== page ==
In and around Belmullet, North Mayo, you’ll find white-sand beaches, plenty of water sports (surfers take note), and some of the region’s most spectacular cliff hikes.

Blacksod Sea Safaris

As a young man growing up in Faulmore on North Mayo’s Mullet Peninsula, Michael “Mick” Keane always loved the sea and fishing with his brothers. That passion came in handy a few decades later when the pandemic disrupted what had become his successful contracting business. “When COVID happened, the construction business was hit hard,” says Keane, who took advantage of his free time by launching Blacksod Sea Safaris in 2021. “I always wanted to have my own boats and bring people out to the beautiful Inishkea Islands and show the beauty of Blacksod Bay,” he says. Keane now captains a fleet of three (the largest accommodates 12 passengers) for excursions, such as coastal cruising alongside 2,200-foot cliffs, wildlife viewing (a mix of marine life including a gray seal colony), or angling for mackerel or cod and other species.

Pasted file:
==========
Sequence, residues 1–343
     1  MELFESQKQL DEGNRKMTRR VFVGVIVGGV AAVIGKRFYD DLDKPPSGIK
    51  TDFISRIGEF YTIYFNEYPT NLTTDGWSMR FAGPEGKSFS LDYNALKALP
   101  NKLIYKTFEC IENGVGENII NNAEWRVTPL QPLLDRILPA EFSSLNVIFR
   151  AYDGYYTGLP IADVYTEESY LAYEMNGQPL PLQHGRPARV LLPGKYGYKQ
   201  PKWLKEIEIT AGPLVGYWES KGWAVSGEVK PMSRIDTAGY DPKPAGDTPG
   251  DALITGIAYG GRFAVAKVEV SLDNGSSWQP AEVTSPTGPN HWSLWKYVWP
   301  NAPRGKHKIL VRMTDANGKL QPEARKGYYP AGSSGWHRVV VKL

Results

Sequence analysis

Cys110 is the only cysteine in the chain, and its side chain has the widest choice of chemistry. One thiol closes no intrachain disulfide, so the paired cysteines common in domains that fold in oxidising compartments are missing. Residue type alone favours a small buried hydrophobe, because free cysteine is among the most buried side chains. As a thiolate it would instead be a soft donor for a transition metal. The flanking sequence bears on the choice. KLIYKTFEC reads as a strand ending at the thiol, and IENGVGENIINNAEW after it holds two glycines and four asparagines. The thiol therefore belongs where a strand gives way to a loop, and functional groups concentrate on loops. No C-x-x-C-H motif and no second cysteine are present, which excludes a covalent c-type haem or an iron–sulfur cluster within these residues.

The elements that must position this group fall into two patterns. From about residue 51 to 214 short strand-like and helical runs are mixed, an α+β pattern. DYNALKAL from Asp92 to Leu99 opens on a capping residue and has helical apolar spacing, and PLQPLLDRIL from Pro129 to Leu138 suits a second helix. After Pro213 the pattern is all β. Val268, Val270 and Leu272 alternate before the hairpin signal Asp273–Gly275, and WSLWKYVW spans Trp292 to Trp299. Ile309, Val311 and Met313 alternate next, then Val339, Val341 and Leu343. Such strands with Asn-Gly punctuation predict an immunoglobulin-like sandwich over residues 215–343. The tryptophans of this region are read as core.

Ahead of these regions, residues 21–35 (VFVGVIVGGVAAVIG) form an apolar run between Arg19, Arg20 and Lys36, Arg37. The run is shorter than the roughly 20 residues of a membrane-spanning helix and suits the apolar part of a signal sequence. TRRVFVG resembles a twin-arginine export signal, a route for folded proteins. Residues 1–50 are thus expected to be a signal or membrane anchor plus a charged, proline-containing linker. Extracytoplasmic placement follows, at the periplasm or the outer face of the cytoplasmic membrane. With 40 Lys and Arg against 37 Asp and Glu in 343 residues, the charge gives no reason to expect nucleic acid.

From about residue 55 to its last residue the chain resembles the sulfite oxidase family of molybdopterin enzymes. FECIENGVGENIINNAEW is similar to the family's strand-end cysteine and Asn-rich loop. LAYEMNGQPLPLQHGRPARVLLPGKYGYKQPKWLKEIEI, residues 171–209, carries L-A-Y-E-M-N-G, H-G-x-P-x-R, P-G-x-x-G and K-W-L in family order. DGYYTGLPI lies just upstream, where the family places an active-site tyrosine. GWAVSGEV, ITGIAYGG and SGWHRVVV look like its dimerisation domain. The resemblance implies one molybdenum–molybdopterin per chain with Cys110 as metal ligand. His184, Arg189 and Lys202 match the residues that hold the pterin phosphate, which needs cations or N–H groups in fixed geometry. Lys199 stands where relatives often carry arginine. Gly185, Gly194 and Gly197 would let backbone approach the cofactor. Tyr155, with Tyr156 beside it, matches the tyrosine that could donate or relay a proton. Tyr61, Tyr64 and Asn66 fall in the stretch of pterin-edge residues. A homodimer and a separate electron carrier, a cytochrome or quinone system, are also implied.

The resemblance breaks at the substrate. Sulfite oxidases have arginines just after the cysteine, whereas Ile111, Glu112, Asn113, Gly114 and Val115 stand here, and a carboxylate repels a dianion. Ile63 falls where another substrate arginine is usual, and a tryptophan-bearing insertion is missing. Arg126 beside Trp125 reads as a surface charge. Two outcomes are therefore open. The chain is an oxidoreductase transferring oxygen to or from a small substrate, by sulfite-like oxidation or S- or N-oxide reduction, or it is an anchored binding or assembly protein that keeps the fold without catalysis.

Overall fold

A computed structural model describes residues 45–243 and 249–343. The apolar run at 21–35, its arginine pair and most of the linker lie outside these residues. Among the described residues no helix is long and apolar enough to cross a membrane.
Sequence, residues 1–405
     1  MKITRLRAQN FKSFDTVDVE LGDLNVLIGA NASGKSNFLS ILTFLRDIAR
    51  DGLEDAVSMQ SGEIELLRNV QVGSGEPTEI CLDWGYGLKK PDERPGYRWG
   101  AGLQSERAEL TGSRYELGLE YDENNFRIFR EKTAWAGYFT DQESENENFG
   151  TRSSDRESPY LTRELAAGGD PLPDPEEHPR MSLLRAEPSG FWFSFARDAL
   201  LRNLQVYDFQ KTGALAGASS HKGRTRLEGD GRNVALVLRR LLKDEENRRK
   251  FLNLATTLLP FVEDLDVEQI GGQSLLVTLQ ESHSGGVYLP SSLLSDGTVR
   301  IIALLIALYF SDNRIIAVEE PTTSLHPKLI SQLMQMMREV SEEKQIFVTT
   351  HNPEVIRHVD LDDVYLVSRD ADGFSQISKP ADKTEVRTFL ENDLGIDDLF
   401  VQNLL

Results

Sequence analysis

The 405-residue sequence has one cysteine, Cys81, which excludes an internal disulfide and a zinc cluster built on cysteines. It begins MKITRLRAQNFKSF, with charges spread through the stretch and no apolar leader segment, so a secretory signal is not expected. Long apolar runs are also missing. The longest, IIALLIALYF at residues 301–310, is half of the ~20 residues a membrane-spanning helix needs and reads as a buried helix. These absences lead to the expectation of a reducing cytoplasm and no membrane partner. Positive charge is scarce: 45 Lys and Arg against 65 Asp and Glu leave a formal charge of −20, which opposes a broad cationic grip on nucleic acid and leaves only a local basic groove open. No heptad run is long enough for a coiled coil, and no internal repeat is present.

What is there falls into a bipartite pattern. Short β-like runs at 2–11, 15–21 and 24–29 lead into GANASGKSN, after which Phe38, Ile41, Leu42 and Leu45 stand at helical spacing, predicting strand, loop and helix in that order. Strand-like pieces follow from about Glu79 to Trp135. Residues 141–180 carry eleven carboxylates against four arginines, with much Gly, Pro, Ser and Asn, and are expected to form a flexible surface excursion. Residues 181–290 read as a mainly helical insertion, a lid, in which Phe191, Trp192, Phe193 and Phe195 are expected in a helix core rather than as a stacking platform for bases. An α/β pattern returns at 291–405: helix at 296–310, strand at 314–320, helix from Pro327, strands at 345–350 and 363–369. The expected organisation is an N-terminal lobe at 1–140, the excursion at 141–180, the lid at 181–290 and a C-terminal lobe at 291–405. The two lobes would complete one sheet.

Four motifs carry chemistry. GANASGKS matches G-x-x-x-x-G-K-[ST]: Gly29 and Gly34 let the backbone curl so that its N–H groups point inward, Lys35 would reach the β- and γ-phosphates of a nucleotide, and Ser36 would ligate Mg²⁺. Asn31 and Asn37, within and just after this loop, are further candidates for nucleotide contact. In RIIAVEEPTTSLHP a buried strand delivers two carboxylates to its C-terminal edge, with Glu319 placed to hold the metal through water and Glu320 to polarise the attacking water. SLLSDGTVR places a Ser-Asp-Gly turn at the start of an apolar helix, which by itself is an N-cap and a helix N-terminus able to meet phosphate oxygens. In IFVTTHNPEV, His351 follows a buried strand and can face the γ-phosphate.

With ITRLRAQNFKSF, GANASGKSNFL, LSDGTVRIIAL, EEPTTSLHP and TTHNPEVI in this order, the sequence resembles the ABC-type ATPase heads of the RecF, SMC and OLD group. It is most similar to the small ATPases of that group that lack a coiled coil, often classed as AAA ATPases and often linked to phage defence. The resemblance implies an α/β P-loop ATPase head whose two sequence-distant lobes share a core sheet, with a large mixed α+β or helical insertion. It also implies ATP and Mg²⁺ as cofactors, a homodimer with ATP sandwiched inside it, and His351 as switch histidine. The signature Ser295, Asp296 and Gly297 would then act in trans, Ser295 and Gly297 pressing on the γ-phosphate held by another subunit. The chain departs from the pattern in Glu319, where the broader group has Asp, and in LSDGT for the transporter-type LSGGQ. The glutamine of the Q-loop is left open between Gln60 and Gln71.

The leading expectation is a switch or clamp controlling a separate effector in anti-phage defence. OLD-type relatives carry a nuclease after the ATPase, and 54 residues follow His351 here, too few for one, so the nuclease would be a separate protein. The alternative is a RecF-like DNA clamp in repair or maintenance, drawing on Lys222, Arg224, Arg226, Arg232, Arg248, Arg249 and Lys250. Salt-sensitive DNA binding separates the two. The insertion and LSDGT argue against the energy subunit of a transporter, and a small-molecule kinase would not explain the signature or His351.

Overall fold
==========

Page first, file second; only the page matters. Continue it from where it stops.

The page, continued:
The company’s half-day tour of the little-known Inishkea Islands is a fan favorite. After a 30-minute boat ride from the mainland, you’re free to wander the sandy beaches and dune grassland, deserted stone villages, an old Norwegian whaling station, and other historic structures that the seafaring communities abandoned nearly a century ago.

Where to stay

A tranquil 30-room, family-run hotel in Geesala, the Erris Coast Hotel features panoramic views of the north shore and is a mere 15 minutes from Belmullet. In addition to being dog-friendly, the secluded retreat is near several noteworthy sights, such as Carne Golf Links, rated #12 in Ireland, the historic Blacksod Lighthouse, and Downpatrick Head’s jaw-dropping coastal vistas. From $100.


Home to President Biden’s Irish kin, Ballina is the county’s largest town, with a population of about 10,500. Straddling the River Moy, the city boasts an array of historic landmarks, such as Moyne Abbey and Rosserk Friary. There are also plenty of thriving pubs, restaurants, and nightlife.